XDR-I2C is a modification of the Sony XDR-F1HD radio tuner.

Warning: This modification is provided as is. Do everything on your own responsibility! There’s always a risk of a permanent damage to your tuner!! Always unplug the power cord before doing anything inside it and use a properly grounded soldering iron.


  • tuner control with a computer
  • wide frequency tuning range (up to ~130 MHz)
  • 1 kHz tuning steps (LW/MW/SW), 5 kHz (VHF)
  • fixed or adaptive digital IF bandwidth
  • signal level meter and squelch
  • AM or FM demodulation on any frequency
  • RDS fast PI mode and error correction
  • selectable de-emphasis and AGC threshold
  • digital alignment of the antenna circuit
  • RF and IF +6dB gain boost

HD radio is NOT supported!

What’s needed?

  • XDR-F1HD tuner
  • computer with a USB port
  • Seeeduino board (switched to 3.3V operation)
  • mini-USB cable, some wires and a transistor

The XDR-S3HD and S10HDiP are NOT supported at the moment. The stock controller seems to disrupt a reset-hack required for PC connection.


The following description assumes stock controller and Seeeduino co-existence. If you are interested in an extended modification, click here

Switch the Seeeduino board to 3.3V mode. GND, SDA, SCL and RDS lines are connected directly to the Seeeduino. The RESET line is used to block XDR-F1HD’s main CPU while using this modification and requires a transistor. Do not connect the RESET line directly! I’m using a typical low power n-mosfet transistor BS170. It is connected as a key: source to JW29 (GND)drain to RESET (JW28) and gate to digital pin 4 in Seeeduino.

Analog PIN 4 JW12 (I²C SDA)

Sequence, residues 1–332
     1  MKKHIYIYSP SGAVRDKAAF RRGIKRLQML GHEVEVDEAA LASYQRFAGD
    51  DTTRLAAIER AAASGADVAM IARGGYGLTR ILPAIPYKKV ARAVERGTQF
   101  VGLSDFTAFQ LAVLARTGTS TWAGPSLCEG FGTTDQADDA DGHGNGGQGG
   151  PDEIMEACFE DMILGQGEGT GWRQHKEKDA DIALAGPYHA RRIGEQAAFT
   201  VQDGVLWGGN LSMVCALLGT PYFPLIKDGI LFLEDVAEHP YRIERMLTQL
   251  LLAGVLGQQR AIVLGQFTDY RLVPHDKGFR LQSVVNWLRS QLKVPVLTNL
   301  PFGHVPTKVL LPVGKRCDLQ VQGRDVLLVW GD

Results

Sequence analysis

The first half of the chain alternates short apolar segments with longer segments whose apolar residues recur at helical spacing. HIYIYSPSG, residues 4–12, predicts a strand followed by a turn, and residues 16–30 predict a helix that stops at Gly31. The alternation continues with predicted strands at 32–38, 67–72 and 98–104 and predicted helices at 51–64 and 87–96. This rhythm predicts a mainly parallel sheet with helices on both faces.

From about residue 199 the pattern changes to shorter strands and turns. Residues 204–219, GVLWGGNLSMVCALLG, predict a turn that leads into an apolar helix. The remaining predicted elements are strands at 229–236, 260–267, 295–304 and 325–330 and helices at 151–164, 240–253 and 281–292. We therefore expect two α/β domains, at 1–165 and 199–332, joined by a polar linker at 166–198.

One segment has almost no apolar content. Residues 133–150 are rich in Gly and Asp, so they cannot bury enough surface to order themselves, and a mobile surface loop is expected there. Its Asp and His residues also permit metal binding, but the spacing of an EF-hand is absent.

Analog PIN 5 JW13 (I²C SCL)
Digital PIN 2 JW16 (RDS)
Digital PIN 4 BS170 gate  
BS170 drain JW28 (RESET)
BS170 source JW29 (GND)
JW25 ↔ 150kΩ resistor ↔  JW21  
Digital PIN 3 IR LED (+)

IR diode (with ~200Ω resistor) can be optionally used for automatic tuner power up. If you don’t connect it, you will have to turn on XDR-F1HD manually every time before starting up the modification. When wires are connected and Seeeduino is powered off, XDR-F1HD will not power up because the I²C bus is blocked (WAIT message will only flash on the screen). If you want to use XDR-F1HD without computer after this modification, connect 5.2 or 10.5V to the Seeeduino DC jack.


Don’t forget to toggle Seeeduino from 5V to 3.3V operation (mechanical switch on the board). Also consider adding a small fan because XDR-F1HD runs very hot. High temperatures always reduce the lifetime of electronic components.

Need an inspiration? Click here to see more pictures of modified tuners.

Drivers and the source code

Latest stable version of XDR-I2C source code is available as a zip package. The development version is hosted on GitHub repository.

Download the Arduino IDE and install drivers for the Seeeduino board from drivers\FTDI USB Drivers directory after plugging in the USB cable. Run the Arduino IDE, choose Tools -> Board -> Arduino Duemilanove w/ ATMega 328, open xdr-i2c.ino file and upload it to the Seeeduino board. If you get an error during upload you’ll have to select correct serial port. Check USB Serial Port device COM number in the Windows Device Manager.